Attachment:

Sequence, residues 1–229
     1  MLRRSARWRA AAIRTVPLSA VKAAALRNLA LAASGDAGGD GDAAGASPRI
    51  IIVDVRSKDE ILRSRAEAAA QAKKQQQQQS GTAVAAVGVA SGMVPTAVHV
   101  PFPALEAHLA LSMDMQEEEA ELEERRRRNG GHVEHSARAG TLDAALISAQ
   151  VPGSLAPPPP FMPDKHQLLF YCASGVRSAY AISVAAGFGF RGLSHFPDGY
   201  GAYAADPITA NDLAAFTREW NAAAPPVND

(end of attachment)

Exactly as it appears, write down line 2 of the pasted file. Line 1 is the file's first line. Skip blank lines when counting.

     1  MLRRSARWRA AAIRTVPLSA VKAAALRNLA LAASGDAGGD GDAAGASPRI